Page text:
4.2. Removing unused resources by using the web console

The following procedure shows how to remove unused KfDef instances from the redhat-ods-applications, redhat-ods-monitoring, and rhods-notebooks projects in your OpenShift Container Platform cluster by using the OpenShift web console. These resources become unused after you upgrade from version 1 to version 2 of OpenShift AI.

Prerequisites

  • You upgraded from version 1 to version 2 of OpenShift AI.
  • You have cluster administrator privileges for your OpenShift Container Platform cluster.

Procedure

  1. Log in to the OpenShift Container Platform web console as a cluster administrator.
  2. In the web console, click AdministrationCustomResourceDefinitions.
  3. On the CustomResourceDefinitions page, click the KfDef custom resource definition (CRD).
  4. Click the Instances tab.

    The page shows all KfDef instances on the cluster.

  5. Take note of any KfDef instances that exist in the redhat-ods-applications, redhat-ods-monitoring, and rhods-notebooks projects. These are the projects that you will clean up in the remainder of this procedure.
  6. To delete a KfDef instance from the redhat-ods-applications, redhat-ods-monitoring, or rhods-notebooks project, click the action menu (⋮) beside the instance and select Delete KfDef from the list.
  7. To confirm deletion of the instance, click Delete.

    Tip

    If deletion of a KfDef instance fails to finish, you can force deletion of the object using the information in the "Force individual object removal when it has finalizers" section of the following Red Hat solution article: https://access.redhat.com/solutions/4165791.

  8. Repeat the preceding steps to delete all remaining KfDef instances that you see in the redhat-ods-applications, redhat-ods-monitoring, and rhods-notebooks projects.

Chapter 5. Adding a CA bundle after upgrading

Red Hat OpenShift AI 2-latest provides support for using self-signed certificates. If you have upgraded from OpenShift AI 2.7 or earlier versions, you can add self-signed certificates to the OpenShift AI deployments and Data Science Projects in your cluster.

There are two ways to add a Certificate Authority (CA) bundle to OpenShift AI. You can use one or both of these methods:

  • For OpenShift Container Platform clusters that rely on self-signed certificates, you can add those self-signed certificates to a cluster-wide Certificate Authority (CA) bundle (ca-bundle.crt) and use the CA bundle in Red Hat OpenShift AI.
  • You can use self-signed certificates in a custom CA bundle (odh-ca-bundle.crt) that is separate from the cluster-wide bundle.

For more information, see Working with certificates.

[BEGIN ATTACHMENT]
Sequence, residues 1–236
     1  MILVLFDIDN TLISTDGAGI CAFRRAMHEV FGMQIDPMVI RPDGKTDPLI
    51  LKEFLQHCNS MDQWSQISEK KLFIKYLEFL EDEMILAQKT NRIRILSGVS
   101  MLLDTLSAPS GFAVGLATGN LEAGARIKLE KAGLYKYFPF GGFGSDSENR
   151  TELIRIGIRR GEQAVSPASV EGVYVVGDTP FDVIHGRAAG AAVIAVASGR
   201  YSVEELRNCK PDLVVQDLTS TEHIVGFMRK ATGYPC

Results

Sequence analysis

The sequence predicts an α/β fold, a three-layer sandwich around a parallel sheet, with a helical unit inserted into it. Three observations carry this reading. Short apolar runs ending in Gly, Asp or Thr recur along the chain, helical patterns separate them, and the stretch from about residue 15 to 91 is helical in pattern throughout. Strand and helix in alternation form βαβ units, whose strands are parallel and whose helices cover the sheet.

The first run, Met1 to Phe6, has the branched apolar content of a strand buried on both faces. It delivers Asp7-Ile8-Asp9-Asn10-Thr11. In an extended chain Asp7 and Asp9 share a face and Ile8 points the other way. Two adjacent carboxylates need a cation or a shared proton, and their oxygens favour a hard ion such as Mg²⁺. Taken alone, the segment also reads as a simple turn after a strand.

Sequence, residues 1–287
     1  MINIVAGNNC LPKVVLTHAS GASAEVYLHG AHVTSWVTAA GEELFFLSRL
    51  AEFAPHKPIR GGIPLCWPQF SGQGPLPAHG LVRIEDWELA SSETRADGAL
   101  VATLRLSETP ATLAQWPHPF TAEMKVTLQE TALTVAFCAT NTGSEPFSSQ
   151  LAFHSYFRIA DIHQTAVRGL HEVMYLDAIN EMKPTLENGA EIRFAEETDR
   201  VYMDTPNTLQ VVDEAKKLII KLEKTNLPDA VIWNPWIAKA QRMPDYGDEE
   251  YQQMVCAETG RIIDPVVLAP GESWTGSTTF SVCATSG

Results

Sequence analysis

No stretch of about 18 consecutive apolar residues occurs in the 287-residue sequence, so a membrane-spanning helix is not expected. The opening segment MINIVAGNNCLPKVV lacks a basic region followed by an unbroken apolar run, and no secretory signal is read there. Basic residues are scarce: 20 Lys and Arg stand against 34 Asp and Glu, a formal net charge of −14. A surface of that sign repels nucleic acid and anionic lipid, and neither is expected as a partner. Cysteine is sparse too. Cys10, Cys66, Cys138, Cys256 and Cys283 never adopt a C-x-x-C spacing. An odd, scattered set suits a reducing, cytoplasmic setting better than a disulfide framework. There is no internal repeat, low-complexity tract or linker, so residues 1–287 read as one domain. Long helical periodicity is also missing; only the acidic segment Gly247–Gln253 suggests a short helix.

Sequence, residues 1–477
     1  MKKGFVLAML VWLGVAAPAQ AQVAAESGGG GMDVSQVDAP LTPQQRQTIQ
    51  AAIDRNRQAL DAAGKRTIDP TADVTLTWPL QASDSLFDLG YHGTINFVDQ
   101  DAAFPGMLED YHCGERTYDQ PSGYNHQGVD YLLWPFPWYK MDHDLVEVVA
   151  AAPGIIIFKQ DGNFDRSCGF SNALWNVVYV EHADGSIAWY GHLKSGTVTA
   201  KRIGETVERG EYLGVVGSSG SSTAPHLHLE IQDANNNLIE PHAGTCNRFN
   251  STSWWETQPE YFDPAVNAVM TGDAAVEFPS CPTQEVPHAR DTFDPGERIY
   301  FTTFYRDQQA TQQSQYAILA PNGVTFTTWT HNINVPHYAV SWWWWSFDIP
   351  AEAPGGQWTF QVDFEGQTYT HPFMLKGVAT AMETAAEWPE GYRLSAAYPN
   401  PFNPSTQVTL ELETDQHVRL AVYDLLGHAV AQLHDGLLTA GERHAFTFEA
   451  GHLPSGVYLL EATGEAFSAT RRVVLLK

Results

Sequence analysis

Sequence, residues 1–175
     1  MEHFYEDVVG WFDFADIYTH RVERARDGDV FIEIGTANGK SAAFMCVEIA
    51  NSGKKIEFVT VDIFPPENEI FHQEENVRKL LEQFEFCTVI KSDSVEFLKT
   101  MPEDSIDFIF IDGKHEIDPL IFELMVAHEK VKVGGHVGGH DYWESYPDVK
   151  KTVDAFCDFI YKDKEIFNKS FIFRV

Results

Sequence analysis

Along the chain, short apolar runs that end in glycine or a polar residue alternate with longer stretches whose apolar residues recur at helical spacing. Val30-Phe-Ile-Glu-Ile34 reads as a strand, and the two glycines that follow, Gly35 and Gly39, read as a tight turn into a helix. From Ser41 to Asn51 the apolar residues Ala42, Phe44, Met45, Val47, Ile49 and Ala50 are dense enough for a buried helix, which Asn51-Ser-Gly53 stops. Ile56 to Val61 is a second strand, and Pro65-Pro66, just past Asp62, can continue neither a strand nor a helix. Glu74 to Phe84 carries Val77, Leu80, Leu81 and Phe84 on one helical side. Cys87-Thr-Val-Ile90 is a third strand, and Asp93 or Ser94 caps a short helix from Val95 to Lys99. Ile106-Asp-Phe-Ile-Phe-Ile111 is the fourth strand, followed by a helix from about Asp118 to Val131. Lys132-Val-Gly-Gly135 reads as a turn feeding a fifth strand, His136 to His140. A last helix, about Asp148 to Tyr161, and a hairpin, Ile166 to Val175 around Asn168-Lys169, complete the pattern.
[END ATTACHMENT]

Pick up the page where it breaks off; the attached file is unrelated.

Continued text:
Prerequisites

  • You have admin access to the DSCInitialization resources in the OpenShift Container Platform cluster.
  • You installed the OpenShift command line interface (oc) as described in Get Started with the CLI.
  • You upgraded Red Hat OpenShift AI from version 2.7 or earlier. If you are working in a new installation of Red Hat OpenShift AI, see Adding a CA bundle.

Procedure

  1. Log in to the OpenShift Container Platform as a cluster administrator.
  2. Click OperatorsInstalled Operators and then click the Red Hat OpenShift AI Operator.
  3. Click the DSC Initialization tab.
  4. Click the default-dsci object.
  5. Click the YAML tab.
  6. Add the following to the spec section, setting the managementState field to Managed:

    spec:
      trustedCABundle:
        managementState: Managed
        customCABundle: ""
  7. If you want to use self-signed certificates added to a cluster-wide CA bundle, log in to the OpenShift Container Platform as a cluster administrator and follow the steps as described in Configuring the cluster-wide proxy during installation.
  8. If you want to use self-signed certificates in a custom CA bundle that is separate from the cluster-wide bundle, follow these steps:

    1. Add the custom certificate to the customCABundle field of the default-dsci object, as shown in the following example:

      spec:
        trustedCABundle:
          managementState: Managed
          customCABundle: |
            -----BEGIN CERTIFICATE-----
            examplebundle123
            -----END CERTIFICATE-----
    2. Click Save.

      The Red Hat OpenShift AI Operator creates an odh-trusted-ca-bundle ConfigMap containing the certificates in all new and existing non-reserved namespaces.

Verification

  • If you are using a cluster-wide CA bundle, run the following command to verify that all non-reserved namespaces contain the odh-trusted-ca-bundle ConfigMap:

    $ oc get configmaps --all-namespaces -l app.kubernetes.io/part-of=opendatahub-operator | grep odh-trusted-ca-bundle
  • If you are using a custom CA bundle, run the following command to verify that a non-reserved namespace contains the odh-trusted-ca-bundle ConfigMap and that the ConfigMap contains your customCABundle value. In the following command, example-namespace is the non-reserved namespace and examplebundle123 is the customCABundle value.

    $ oc get configmap odh-trusted-ca-bundle -n example-namespace -o yaml | grep examplebundle123